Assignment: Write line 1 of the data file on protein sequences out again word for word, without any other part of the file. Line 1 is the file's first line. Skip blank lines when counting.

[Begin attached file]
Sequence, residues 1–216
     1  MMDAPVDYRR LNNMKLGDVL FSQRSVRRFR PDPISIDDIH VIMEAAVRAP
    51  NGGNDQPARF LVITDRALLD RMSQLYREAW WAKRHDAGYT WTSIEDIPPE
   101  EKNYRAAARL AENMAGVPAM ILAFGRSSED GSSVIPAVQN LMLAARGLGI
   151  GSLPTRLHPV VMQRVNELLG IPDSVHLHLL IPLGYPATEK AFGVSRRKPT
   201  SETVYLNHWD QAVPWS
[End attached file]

Sequence, residues 1–216